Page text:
The glamour of the Capitol people isn’t so in our face this time, but that’s because we were introduced to it in the first – and by now it just seems normal. The make-up and costume design is even better, especially a jaw-dropping piece for Katniss “created” by Cinna (Lenny Kravitz). One thing that is way better is the cinematography because the new director, Francis Lawrence (no relation to Jennifer), doesn’t feel the need to move the camera around when people are just simply talking. Gary Ross did that, even when no action was occuring – and he did it a lot more when action was happening. No shaky cam makes me a happy camper, and I am sure it will please others, too.

There isn’t a lot of this film I don’t like, even if there are certain aspects it can improve on – but it has to appeal to the target audience. It’s still an immensely enjoyable movie and one of the year’s strongest films. I’ve seen this twice already, and that’s a rare occurence for me. (It’s great in both IMAX and 2D.) One more thing: The scenery is simply stunning. Reading the book is one thing, but to see this all come to life through its creative settings and beautiful landscapes, is just another whole spectacular feeling.

Score90/100

Celebrity Birthdays: October 29 – November 11

Ben Foster, October 29

Happy 30th birthday to Ben Foster. He often plays eerie roles, like in Hostage or in 30 Days of Night. Foster is a great screen presence and he’s best known for his roles in 3:10 to YumaPandorumThe Messenger, and The Mechanic.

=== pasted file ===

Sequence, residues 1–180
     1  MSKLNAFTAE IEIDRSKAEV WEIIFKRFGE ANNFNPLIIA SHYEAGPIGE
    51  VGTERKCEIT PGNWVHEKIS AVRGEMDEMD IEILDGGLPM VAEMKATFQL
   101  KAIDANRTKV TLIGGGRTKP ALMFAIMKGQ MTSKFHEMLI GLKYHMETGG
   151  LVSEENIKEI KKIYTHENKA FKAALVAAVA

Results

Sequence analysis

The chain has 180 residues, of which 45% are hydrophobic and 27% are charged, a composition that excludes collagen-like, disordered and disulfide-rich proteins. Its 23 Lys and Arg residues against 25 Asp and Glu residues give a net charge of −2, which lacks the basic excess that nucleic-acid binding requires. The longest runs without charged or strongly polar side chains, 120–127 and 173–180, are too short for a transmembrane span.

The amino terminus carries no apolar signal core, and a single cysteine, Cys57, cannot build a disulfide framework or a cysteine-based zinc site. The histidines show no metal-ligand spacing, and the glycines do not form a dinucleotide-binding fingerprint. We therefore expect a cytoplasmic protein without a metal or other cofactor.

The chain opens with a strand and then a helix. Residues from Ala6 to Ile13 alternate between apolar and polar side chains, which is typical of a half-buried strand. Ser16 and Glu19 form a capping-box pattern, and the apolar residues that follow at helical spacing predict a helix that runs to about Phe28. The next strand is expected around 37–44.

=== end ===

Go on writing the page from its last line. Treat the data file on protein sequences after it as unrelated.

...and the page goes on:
Ben Foster as the haunting Mars Krupcheck in 2005’s Hostage.

My favourite films with Foster in a leading or supporting role: Hostage (2005) — Alpha Dog (2006) — 30 Days of Night (2007).

 

John Candy, October 31

The late John Candy would have been 62 on Halloween. He is a household name because of his charisma, and cheery and exciting screen presence. He is best known for his part on the TV’s SCTV, Spaceballs and Uncle Buck.

Favourite John Candy films: Uncle Buck (1989) — Home Alone (1990). Don’t worry, I’ll make sure to see more!

Sam Rockwell, November 5

Happy 44th birthday to the great Sam Rockwell! Rockwell is best known for his roles in MoonThe Green MileIron Man 2 and Frost/Nixon. You can see him in theatres in the film Seven Psychopaths.

Sam Rockwell as Wild Bill in The Green Mile.

My favourite Sam Rockwell films: The Green Mile (1999) — Seven Psychopaths (2012) — Galaxy Quest (1999) — The Hitchhiker’s Guide to the Galaxy (2005).

 

Emma Stone, November 6

Happy 24th birthday to Emma Stone! Sarcastic, and she’s both awkward and sexy at the same time. What’s not to love about her? She is best known for her roles in The HelpEasy AThe Amazing Spider-Man, and Zombieland.

My favourite Emma Stone flicks: The Help (2011) — Superbad (2007) — Zombieland (2009) — Crazy, Stupid, Love. (2011) —  Easy A (2010) — The House Bunny (2008).

Leonardo DiCaprio, November 11

Happy 38th birthday to Leonardo DiCaprio. He has a large filmography that started with a humble beginning, and became greater things. He is best known for his roles in InceptionTitanicThe Departed and Shutter Island.

My favourite Leonardo DiCaprio flicks: Blood Diamond (2006) — Catch Me If You Can (2002) — Titanic (1997) — Inception (2010) — Shutter Island (2010) — What’s Eating Gilbert Grape (1993) — Romeo + Juliet (1996).